Smart dust sensor networks are envisioned as a collection of very tiny and cheap, low-complexity, ultra-low-power sensor nodes, capable of sensing and communicating within a few tens of meters to fulfill complex, large-scale monitoring tasks in a wide variety of applications. Large-scale deployment of these nodes in dynamic environments and limitations in battery life impose very harsh requirements regarding robustness and energy efficiency. For instance, due to their very tiny size, smart dust sensor nodes are more vulnerable to environmental effects (such as wind) compared to the conventional wireless sensor nodes. Examples of application areas are target detection, logistics, security tracking, asset management, search and rescue operations, animal habitat and water quality monitoring, patient monitoring, and precision agriculture. In most of these applications, location-awareness is an essential feature, because the collected information is often meaningless without location knowledge.
Example of a Wireless Sensor Network for firedetection.
Recently, ultra-wideband (UWB) communication has been specified in the IEEE 802.15.4a standard, and has proven to be a promising technology for localization systems because of its fine ranging resolution and through-wall penetration capabilities. UWB theoretically offers a ranging accuracy of a few centimeters when combined with time-based ranging methods (such as time of arrival, time difference of arrival, or two-way time of arrival). Furthermore, low-cost, low-complexity and low-power design features make UWB radios quite attractive for implementation in smart dust sensor nodes. Although time-based UWB localization systems theoretically offer centimeter-level accuracy, there are still some open issues, such as non-line-of-sight (NLOS) or multipath propagation, which decrease the accuracy in practical implementations. In line-of-sight (LOS) conditions (see Tx-Rx1 in the figure), a dominant direct-path signal is followed by weak multipath components which are present because of the reflections through the walls, floors or other objects in the environment. If the direct-path is obstructed with an obstacle (such as in Tx-Rx2), the direct-path will generally be no longer dominant due to the attenuation but still detectable. However, if the direct-path is totally blocked (such as in Tx-Rx3), then the direct path will be below the detection threshold and the first multipath component will be detected as the direct path resulting in significant ranging errors. Considering random deployment of these sensor nodes in harsh outdoor and indoor environments, the occurrence of NLOS propagation is very likely. Therefore, robust techniques have to be investigated before the large-scale deployment of sensor nodes using UWB radios.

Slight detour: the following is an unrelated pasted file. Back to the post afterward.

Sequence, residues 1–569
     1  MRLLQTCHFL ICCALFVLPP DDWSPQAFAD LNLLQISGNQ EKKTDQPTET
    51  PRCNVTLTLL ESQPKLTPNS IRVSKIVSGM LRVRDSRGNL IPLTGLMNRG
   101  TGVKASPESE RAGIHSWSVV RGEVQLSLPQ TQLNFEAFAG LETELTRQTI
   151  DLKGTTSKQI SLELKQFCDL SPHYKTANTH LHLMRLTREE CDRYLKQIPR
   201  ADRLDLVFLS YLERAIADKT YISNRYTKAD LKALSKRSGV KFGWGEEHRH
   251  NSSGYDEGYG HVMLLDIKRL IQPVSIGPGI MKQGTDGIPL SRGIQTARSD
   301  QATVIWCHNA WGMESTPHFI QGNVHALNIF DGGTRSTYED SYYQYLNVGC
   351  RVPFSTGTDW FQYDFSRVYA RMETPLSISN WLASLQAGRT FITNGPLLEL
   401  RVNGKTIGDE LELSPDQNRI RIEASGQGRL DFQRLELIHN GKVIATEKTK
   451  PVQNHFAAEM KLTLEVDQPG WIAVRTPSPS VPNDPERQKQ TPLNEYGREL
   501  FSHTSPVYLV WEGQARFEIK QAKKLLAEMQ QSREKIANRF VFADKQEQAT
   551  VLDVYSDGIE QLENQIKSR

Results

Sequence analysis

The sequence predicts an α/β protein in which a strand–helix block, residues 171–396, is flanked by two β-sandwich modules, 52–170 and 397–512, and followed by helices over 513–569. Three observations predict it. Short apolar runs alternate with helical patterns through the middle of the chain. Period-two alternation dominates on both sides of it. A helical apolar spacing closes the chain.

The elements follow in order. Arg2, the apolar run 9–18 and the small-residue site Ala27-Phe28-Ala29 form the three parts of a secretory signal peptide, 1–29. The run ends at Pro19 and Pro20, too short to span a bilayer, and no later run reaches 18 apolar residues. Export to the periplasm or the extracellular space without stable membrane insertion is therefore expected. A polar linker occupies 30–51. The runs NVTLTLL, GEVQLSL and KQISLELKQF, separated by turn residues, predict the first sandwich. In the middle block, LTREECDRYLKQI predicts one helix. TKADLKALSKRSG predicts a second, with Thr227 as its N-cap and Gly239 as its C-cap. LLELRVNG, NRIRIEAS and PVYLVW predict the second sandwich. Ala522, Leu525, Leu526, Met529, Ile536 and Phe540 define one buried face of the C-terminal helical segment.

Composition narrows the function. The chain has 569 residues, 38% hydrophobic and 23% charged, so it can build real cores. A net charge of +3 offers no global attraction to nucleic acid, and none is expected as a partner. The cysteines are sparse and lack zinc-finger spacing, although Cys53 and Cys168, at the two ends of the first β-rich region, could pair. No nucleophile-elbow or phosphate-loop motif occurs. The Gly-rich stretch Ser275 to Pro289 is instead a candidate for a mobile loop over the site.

Received impuls responses of various paths in a practical Wireless Sensor System.
In this project, we examine small-scale scenarios and investigate the methods to handle NLOS-related ranging errors, taking into account the design considerations mentioned above. Our approach is to gather statistics about the ranging error exploiting certain UWB signal features. These statistics are used to predict the ranging error or identify the NLOS nodes in order to mitigate the ranging error related to NLOS propagation. One should also consider the mobility of the nodes while deriving the statistics. Then, the focus will be on the large-scale deployment and we will investigate cooperative localization schemes that are also robust to NLOS conditions.